America is constructed on a number of tenuous fault lines, the most prominent of which may be the sometimes-volatile relationship between the races. It’s why race-baiting is so lucrative for those who are more interested in exploiting rifts than promoting peace.
It’s also yet another reason why I’m so blessed to belong to an eternal Kingdom that is predicated upon a universal reconciliation in Christ for the entirety of Adam’s race – the only race. The alternative of trying to keep track of who has a right to be offended, who started what spat, who is responsible for what offense, what grievance is justified and to what degree, is far too exhausting for me to even contemplate.
I was reminded of this reality again recently by an op-ed in the New York Times entitled, “A Racist Attack Shows How Whiteness Evolves.” The piece addressed a “hate crime” perpetrated against young black girls at a high school football game in Lawrence Township, New Jersey. There, two Indian teenage boys were arrested for “harassment and bias intimidation” after they used the n-word to verbally badger the black girls, and then went so far as to urinate on them.
To a sound mind grounded in a decent respect for the dignity and rights of others, this is an obvious case of harassment deserving punishment. But in our current woke era of jurisprudence, it’s more than that. If you can believe it, here’s what Princeton professor Nell Irvin Painter explained this to be:
“Instead of asking what the boys’ reported racial identity tells us about the nature of the attack, we should see the boys as enacting American whiteness through anti-black assault in a very traditional way.”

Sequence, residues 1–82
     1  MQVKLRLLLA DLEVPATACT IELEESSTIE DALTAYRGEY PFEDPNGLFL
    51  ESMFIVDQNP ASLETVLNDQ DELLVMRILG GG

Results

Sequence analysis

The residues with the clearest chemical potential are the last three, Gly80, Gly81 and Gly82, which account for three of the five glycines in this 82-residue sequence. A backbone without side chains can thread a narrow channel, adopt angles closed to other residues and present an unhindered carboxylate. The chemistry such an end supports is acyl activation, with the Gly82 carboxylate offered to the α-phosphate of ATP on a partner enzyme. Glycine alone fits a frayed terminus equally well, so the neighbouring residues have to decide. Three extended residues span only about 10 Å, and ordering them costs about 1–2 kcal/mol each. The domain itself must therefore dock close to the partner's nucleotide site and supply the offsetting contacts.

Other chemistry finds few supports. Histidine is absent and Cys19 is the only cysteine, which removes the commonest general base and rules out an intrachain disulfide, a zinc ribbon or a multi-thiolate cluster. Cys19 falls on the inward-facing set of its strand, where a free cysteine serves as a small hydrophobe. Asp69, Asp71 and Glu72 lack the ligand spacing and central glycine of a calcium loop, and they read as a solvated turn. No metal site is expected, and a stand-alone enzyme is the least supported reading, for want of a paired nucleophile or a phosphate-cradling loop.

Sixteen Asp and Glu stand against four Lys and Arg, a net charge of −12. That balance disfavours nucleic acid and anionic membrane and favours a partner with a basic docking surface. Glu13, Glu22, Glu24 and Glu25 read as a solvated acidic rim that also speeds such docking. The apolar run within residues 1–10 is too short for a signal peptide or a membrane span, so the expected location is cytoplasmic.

Yes, you read that correctly: “enacting American whiteness.” The good professor went on to explain,
“race is something we perform, not just something we are in our blood or in the color of our skin.”
I suppose if gender and sexuality is fluid in these morally and intellectually bankrupt times we live in, race might as well be too. But this raises a number of questions:
- When black people kill black people, is that the result of “enacted whiteness?”
- When Latino people attack Chinese people, are they “enacting whiteness?”
- Is any crime perpetrated by a person of any non-white race against any other person of a non-white race, the result of “enacting whiteness?”
- If a non-white person can “enact whiteness” by being violent and bad, can a white person ever “enact” another race by acting a certain way?
Prof Painter had an answer, if that’s what you want to call it:
“For a clue on how American racial identity is evolving, it may be less useful to look to clues like complexion, and more to the performance of identity. The performance here—flinging around the N-word, with the befoulment of urination—holds an answer. One potent way of being American, no matter where you or your parents are from, is enacting anti-blackness. And traditionally, acting out anti-blackness has meant acting white.”
In other words, anytime something bad happens to a black person, it’s the white people’s fault, regardless of whether a white person was 200 miles within range of the given offense. A white person need not be present or involved for an act of white racism to take place. This seems reasonable, doesn’t it?
But don’t think this nonsense is relegated to just the New York Times. This whole thing reminds me of the bizarre complaint that surfaced over in The Atlantic recently:
White people shouldn’t be in a room with cute, glowing cocktails and fat carvings of traditional Polynesian gods. To do so is a form of racism since it’s not their culture they’re exploiting for entertainment and a good time. They shouldn’t eat tacos, wear Sombreros, review rap albums, or put on a kimono for any reason. Like I said earlier, it’s exhausting.
In fact, it has gotten to the point where it seems the only non-offensive things white people can do are (1) attend a baseball game (provided it isn’t an Atlanta Braves or Cleveland Indians game), and (2) pretend to be a Native American on your job application to Harvard.
Sorry if that was a cheap shot; it was my evolving whiteness speaking.